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“I believe that monetary policy is in a good place and should continue to support sustained growth, a strong labor market, and inflation running close to our symmetric 2 percent objective,” Fed Vice Chairman Richard Clarida said in remarks prepared for delivery in New York.
Policymakers cut interest rates three times at consecutive meetings between July and October, setting the benchmark federal funds rate at a range between 1.5 percent and 1.75 percent, a decision that Clarida described as “well timed” in helping keep the record-long economic expansion insulated from a global growth slowdown.
The U.S. economy is beginning the year in a good place, Clarida said, pointing to record-low unemployment, which is at a half-century low, solid growth and stable inflation.
“As long as incoming information about the economy remains broadly consistent with this outlook, the current stance of monetary policy likely will remain appropriate,” he said.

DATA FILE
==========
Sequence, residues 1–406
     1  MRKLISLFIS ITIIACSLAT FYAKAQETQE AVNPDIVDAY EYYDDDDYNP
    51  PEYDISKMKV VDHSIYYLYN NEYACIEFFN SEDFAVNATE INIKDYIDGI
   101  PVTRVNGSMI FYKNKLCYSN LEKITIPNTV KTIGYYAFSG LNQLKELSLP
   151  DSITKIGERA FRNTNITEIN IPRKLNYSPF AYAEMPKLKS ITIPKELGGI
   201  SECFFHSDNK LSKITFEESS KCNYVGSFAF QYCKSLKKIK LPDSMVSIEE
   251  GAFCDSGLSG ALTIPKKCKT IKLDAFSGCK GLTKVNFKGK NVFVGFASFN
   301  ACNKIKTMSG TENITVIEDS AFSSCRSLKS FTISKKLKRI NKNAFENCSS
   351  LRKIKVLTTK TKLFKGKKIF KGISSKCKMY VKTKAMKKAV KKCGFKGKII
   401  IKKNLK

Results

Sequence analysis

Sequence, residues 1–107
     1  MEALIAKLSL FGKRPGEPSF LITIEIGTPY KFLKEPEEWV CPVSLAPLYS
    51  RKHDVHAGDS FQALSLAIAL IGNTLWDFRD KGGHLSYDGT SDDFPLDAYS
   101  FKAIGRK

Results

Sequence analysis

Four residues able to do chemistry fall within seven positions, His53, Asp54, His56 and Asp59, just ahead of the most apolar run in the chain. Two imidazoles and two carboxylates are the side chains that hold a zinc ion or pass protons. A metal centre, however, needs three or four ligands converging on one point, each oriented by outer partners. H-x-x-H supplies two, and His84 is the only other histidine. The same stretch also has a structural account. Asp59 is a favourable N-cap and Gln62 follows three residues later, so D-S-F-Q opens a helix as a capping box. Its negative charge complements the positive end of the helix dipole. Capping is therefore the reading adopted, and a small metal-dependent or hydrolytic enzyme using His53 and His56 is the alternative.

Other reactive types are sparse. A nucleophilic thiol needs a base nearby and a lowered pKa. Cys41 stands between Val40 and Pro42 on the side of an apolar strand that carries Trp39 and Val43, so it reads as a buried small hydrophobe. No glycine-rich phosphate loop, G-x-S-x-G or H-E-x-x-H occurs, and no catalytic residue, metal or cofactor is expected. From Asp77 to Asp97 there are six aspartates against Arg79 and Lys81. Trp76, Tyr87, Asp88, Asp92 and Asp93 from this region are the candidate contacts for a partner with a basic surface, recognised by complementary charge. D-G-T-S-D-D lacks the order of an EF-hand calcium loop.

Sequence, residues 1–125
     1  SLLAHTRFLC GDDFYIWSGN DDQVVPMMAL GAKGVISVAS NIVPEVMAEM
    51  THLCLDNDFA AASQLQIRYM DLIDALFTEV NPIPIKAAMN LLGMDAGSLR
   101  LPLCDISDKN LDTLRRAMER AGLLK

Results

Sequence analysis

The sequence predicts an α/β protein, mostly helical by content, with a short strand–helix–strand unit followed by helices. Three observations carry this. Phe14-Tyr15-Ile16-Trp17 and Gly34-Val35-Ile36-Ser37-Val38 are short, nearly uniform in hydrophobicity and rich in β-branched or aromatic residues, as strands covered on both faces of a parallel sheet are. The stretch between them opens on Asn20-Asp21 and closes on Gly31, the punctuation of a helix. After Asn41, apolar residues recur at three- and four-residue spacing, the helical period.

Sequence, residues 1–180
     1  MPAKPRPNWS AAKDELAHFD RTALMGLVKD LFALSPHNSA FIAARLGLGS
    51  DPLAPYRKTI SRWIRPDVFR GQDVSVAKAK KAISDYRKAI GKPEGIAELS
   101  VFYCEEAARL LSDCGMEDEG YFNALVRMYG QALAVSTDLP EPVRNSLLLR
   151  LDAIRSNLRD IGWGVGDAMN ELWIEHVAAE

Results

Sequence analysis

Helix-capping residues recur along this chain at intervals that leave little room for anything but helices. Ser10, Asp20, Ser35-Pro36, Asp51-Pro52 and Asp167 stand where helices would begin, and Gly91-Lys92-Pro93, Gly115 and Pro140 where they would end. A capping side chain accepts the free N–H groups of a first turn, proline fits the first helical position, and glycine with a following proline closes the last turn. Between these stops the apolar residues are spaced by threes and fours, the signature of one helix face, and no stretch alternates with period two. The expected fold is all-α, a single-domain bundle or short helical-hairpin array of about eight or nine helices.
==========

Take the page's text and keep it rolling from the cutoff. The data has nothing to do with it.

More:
In December, officials voted unanimously to hold the rate steady — and indicated they had no intentions to reverse those cuts anytime soon. Minutes from the Federal Open Market Committee’s Dec. 11.-12 meeting published last week reinforced that notion, with most policymakers agreeing that interest rates will be on hold for “a time.”
Still, officials still saw some downside risks to their assessment and said they were prepared to move rates up or down as necessary.
“There are some indications that headwinds to global growth may be beginning to abate,” Clarida said.